And then there's a whole new batch of interns (aren't they so widdle bitty?!) and he forms a relationship with Jo that is mostly just supporting each other from their traumatic childhoods but it really bonds them and they make each other better people and it's beautiful and gaiz I just want them married.

Just look at that sass!
Jo don't take no crap from nobody.

But he takes care of her when she needs help.

Look at them being all cute and normal.

And did I mention adorable?

Also their kisses are hawt.

But they're fighting currently because Alex vaguely asked Jo to marry him because everyone's getting married and she's not ready and his pride is injured and I haven't seen the latest episode (other update: I watched it. It was good.) but from sneak peeks it seems like they aren't making up anytime soon...
No spoilers please!
I think they're adorable and she's just the right amount of fire to handle him but also damaged so he doesn't feel totally unworthy of her affections and they've both grown up enough to not be defined by their damage. Plus Alex has finally succumbed to his soft underbelly from working in peds for so long and they would have beautiful babies and make such cautious careful parents who want their kid to grow up undamaged.
I need them to work out.
Basically because of Jo and his work in peds, he went from this womanizing whiner:

To this beautiful, faithful, heart wrenching man:

I hated Karev when the show started (and through most of the seasons I only barely tolerated his character). He's mean, and selfish, and a pretty terrible friend. But dude has major baggage and could very well have been just another druggie, deadbeat father to a bunch of illegitimate children but instead he pulled his crap together and tried his best to protect his family and worked his butt off to get into a very respectable career. He's a very real, complex character that I hope gets the chance to show that people really can change and aren't just the culmination of what has happened to them.

I also realize how terribly addicted I am to this show
 and please don't judge me 
I can feel your glaring eyeballs stahp. 

Tuesday, March 11, 2014

I Finished the Thing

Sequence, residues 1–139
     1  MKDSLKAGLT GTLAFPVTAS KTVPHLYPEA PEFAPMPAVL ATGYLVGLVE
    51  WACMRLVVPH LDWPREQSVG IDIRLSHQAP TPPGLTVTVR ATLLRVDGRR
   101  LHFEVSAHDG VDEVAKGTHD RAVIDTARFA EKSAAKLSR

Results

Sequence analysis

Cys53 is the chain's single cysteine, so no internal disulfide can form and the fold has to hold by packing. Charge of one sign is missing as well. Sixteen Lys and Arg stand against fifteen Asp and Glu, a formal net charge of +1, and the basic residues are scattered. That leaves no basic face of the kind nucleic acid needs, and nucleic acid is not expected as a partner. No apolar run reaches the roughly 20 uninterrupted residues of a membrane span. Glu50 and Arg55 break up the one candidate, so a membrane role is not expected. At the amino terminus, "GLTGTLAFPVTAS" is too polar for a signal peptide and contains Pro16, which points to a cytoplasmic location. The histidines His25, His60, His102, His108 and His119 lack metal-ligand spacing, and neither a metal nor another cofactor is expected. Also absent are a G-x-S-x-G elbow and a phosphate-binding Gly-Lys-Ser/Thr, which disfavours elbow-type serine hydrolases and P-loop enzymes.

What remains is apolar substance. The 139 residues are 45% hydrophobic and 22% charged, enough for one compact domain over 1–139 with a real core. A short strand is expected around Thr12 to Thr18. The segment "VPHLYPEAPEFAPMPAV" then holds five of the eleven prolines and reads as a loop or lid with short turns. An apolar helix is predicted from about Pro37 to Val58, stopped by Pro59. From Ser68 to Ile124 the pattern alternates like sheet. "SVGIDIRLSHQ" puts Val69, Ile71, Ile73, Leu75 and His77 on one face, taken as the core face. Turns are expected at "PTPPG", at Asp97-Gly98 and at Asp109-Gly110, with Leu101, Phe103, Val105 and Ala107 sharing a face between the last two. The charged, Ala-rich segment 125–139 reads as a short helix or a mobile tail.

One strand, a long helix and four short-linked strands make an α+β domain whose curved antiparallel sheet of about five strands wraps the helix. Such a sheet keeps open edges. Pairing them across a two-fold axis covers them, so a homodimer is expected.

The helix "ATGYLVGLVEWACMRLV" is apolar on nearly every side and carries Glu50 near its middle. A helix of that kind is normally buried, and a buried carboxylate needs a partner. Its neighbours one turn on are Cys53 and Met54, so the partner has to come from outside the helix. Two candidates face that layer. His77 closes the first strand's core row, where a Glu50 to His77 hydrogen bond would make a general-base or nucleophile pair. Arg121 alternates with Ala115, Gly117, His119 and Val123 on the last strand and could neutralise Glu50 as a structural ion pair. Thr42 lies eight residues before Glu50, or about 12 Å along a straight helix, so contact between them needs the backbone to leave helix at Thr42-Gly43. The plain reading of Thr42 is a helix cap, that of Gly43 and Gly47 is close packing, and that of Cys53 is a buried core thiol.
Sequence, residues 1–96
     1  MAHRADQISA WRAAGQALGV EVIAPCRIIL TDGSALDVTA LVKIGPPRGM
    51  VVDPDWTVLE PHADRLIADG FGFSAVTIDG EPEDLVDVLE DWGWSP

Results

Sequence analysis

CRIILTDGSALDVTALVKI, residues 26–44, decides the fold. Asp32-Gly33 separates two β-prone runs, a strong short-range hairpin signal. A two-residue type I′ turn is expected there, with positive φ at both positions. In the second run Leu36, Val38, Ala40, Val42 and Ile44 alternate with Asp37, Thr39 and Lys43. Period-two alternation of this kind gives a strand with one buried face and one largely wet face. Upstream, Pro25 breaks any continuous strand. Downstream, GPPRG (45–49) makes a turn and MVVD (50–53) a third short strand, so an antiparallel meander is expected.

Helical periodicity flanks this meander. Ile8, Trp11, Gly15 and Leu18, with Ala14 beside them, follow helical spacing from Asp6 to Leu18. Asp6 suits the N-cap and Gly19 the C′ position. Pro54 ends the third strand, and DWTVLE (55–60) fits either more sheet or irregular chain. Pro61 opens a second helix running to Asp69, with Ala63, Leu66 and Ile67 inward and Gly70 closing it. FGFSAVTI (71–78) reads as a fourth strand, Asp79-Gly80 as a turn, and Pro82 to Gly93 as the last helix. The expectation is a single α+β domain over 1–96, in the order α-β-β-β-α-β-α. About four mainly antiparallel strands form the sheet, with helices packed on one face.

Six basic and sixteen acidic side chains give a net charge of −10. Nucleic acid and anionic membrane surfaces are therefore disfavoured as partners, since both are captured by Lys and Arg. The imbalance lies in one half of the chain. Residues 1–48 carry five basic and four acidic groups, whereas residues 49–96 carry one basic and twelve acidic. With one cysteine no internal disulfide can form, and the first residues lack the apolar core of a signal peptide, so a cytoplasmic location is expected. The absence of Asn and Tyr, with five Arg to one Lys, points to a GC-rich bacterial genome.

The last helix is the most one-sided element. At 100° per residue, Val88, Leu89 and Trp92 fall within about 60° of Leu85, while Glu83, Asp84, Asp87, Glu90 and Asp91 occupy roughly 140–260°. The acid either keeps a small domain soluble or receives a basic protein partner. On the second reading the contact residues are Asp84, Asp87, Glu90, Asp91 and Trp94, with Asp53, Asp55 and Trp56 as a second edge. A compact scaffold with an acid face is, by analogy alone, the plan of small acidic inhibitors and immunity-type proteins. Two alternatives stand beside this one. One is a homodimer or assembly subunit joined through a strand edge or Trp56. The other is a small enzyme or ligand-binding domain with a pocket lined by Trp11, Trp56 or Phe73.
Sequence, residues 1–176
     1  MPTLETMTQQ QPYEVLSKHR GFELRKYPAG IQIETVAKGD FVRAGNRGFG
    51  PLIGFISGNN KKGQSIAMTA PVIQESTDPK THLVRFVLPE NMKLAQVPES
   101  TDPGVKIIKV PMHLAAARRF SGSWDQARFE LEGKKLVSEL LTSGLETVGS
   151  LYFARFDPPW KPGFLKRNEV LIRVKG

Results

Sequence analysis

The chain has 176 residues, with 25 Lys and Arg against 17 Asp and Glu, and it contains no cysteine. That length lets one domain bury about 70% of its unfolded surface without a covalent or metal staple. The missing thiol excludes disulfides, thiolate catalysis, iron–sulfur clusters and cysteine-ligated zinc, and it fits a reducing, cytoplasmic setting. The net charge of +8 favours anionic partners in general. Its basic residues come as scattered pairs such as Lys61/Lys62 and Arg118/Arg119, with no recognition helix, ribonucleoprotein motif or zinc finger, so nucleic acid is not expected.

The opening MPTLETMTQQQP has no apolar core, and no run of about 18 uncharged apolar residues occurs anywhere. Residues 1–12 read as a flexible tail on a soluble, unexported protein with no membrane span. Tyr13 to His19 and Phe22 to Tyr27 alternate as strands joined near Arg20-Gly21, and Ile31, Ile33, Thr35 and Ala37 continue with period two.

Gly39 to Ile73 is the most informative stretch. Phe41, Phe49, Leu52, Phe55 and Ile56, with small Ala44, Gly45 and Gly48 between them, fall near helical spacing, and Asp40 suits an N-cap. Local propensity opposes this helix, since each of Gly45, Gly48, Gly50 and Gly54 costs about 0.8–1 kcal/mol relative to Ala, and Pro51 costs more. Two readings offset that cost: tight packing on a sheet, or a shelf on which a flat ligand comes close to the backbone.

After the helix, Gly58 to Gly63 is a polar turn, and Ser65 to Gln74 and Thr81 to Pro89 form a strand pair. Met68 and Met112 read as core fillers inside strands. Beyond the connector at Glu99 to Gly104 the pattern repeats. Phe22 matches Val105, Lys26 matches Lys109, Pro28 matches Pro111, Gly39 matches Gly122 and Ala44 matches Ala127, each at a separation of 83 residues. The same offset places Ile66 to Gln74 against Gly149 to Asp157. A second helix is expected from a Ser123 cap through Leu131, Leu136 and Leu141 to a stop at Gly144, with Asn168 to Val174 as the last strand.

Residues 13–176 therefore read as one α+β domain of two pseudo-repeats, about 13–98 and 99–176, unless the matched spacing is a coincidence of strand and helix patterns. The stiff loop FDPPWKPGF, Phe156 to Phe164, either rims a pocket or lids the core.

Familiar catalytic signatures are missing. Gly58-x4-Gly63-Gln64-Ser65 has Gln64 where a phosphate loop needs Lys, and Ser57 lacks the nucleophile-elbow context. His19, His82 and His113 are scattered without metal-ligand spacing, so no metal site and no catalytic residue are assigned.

I'm pretty sure I never finished talking about our cross-country road trip adventure and I'm stuck home with food poisoning today so...what better to take my mind off the sudden betrayal of my one true love glorious food than pictures of my adventures with the husband?
If you need another reminder...

Turns out I've already drafted what happened it was just waiting for pictures! Easy peasy lemon squeezy, look at me being a smart but forgetful blogger.

After our frigid night in the forest of semi's, we left chicago and illinois behind and headed west through Iowa to Nebraska. That, and the road we'd already been on, was a lot of freeway. Open, winding highway weaving through the country. A good portion of it was wonderfully scenic, even with the billowing snow storms pressing in around us erring on "dangerous". With that in mind, we ended up keeping a running tally of the number of vehicles we saw that had been run off the road. Whether by wind or ice or sleep deprivation, it's hard to say. On the long stretch between Pennsylvania and Nebraska there was a grand total of 47 cars/semis/trucks that were lying dark and cold off the side of the highway. It got a little creepy when along one single mile there were 9 cars dumped in the frozen embankments.
Our scariest encounter with this phenomenon however, was while rounding a long curve in the highway, broken in the middle by a deep median overgrown with shrubs and large spindly bushes. We had just been talking and laughing about the last chapter in our audiobook when suddenly Mark gasped and pointed off to the other highway lane going the opposite direction, "Look!"